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3 Quick Tips for Becoming a Successful Retail Manager

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Managing a retail store may have its challenges, but some managers excel while others simply… manage.

Published on:
December 8, 2020
Illustrations by:
Arnold
Written by:
Alison Zook
Tags:
Process
#something
Retail manager training employee on Point of Sale system

Managing a retail store may have its challenges, but some managers excel while others simply… manage. So what’s the difference? What factors differentiate a rockstar retail manager from one who simply shows up to talk to unsatisfied customers? We gathered 3 key tips for becoming a successful retail manager.

1. Build a team you can delegate to

Chris Hawkins, a specialist at fitsmallbusiness.com, says, “If your store runs as good or better when you are not there, then you’ve done your job.” Delegation is more than just telling your team to do the jobs you don’t want to do yourself. It’s about finding the right people for the right jobs to maximize everyone’s time and effort. This means training each of your employees with the skills they need, then having them put those skills to use right away. If Ted completes a training module on Monday, shadow him for that task on Tuesday. When you delegate to your team, they shouldn’t just feel that you’re passing off work. Instead, they should feel confident that you trust them to do it.

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2. Data is your friend

Hawkins again: “Share results, good, bad, and ugly. Your employees will feel more invested in what you’re trying to accomplish.” Sometimes your employees may seem like they’re just there to put in minimal effort and collect their paychecks. But there’s a reason for that. Investment. If your team doesn’t feel invested in the success of the store, they won’t put much effort into it.

The answer isn’t a simple raise. You have to show your employees that they’re part of what you want to accomplish. You must throw back the curtain and trust them with the inner workings of the business. That’s where data comes in. It’s important to share your store’s successes— and failures— with your team. Show them the numbers. It will help spark ideas on how to improve, and recognition for successes is essential anyway.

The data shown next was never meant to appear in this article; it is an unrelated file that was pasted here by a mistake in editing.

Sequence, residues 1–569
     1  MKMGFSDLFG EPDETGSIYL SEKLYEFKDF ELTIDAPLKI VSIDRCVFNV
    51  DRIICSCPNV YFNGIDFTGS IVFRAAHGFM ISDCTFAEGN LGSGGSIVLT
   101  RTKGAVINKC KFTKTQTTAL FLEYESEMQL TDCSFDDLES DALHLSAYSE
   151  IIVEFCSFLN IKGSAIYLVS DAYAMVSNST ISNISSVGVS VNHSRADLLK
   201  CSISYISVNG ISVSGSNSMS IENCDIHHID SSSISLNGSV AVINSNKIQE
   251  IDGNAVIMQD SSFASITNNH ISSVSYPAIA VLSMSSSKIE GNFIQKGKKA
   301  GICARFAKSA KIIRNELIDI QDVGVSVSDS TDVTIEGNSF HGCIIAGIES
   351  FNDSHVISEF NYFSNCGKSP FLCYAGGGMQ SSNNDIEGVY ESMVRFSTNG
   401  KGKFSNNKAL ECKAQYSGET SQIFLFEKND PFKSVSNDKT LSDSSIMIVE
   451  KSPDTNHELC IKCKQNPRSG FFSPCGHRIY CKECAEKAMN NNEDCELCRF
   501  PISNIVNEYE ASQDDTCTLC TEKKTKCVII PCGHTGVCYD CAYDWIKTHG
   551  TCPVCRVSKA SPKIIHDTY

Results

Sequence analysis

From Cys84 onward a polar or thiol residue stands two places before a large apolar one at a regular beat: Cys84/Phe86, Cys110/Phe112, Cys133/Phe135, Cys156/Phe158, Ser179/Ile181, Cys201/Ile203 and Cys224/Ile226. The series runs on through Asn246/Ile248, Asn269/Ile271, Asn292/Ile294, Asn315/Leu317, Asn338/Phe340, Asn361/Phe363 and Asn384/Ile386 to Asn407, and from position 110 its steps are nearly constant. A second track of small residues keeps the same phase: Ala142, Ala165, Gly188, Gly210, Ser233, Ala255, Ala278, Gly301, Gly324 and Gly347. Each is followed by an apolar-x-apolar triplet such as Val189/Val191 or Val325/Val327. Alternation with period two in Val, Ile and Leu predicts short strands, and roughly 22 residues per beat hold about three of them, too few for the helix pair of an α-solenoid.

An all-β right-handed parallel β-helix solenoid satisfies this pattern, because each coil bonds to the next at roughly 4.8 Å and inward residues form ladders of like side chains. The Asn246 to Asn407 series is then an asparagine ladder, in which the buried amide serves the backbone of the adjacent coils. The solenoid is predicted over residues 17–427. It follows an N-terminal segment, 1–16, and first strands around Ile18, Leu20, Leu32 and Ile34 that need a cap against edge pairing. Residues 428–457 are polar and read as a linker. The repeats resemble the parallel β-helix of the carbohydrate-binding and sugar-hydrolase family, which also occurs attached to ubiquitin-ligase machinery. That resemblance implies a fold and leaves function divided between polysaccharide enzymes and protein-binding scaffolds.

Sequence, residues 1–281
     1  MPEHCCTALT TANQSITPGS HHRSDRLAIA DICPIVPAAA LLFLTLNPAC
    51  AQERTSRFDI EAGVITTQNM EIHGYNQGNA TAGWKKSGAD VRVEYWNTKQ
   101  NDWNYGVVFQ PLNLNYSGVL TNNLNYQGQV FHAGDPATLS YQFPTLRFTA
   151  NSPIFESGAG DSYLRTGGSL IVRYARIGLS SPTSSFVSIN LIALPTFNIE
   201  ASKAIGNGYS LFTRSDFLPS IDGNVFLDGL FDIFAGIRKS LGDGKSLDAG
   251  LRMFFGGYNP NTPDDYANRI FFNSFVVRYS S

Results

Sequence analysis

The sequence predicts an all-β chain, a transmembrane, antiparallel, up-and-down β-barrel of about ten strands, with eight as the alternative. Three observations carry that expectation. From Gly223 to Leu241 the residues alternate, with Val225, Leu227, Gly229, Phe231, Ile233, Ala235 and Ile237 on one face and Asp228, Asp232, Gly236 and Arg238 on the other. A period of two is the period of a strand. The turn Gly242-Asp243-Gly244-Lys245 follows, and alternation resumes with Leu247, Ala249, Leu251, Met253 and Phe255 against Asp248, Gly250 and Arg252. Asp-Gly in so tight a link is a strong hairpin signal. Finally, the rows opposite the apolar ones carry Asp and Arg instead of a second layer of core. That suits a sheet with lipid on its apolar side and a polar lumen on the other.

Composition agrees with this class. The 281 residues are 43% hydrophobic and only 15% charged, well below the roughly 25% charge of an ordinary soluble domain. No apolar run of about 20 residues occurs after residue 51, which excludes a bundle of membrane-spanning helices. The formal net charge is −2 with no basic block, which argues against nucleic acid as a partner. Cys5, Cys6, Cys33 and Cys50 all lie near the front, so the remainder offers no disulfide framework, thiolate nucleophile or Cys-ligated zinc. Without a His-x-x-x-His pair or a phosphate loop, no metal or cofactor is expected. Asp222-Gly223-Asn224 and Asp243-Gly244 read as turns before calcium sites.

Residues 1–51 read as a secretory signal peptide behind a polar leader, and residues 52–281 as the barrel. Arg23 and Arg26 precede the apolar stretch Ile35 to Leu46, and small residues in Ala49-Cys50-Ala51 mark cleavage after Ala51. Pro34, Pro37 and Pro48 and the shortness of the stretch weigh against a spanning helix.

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3. Keep your head

Panicking under pressure is more common than you might think. Sometimes a rush just hits when everything else is going wrong, creating a perfect storm of circumstances. In those moments it’s easy to fold, hide in the office, or get angry. But think of it this way: If you do have a rush, it means you’re doing something right. Customers are in the store. Your “perfect storm” is your opportunity to convert that traffic into an incredibly profitable shift.

More importantly, your team will be looking to you for calm, decisive leadership, especially in those situations. If you stay calm, they’ll stay calm. Conversely, if you freak out, your employees will respond in a number of ways— panic, defeat, disrespect, anger— but none of those ways will be positive or productive.

Be careful, in those moments, of careless comments about “how busy we are,” or how you “can’t wait until break time.” Instead, offer encouragement to your stressed employees. “You got this. Good job.” It’s a simple way to convey a sense of clearheadedness and control in a chaotic situation.

Management is a crucial role in any retail operation. Whether you’re planning to stay in your management role long term or you’re aiming for higher offices, the post is a valuable opportunity to show your strengths.

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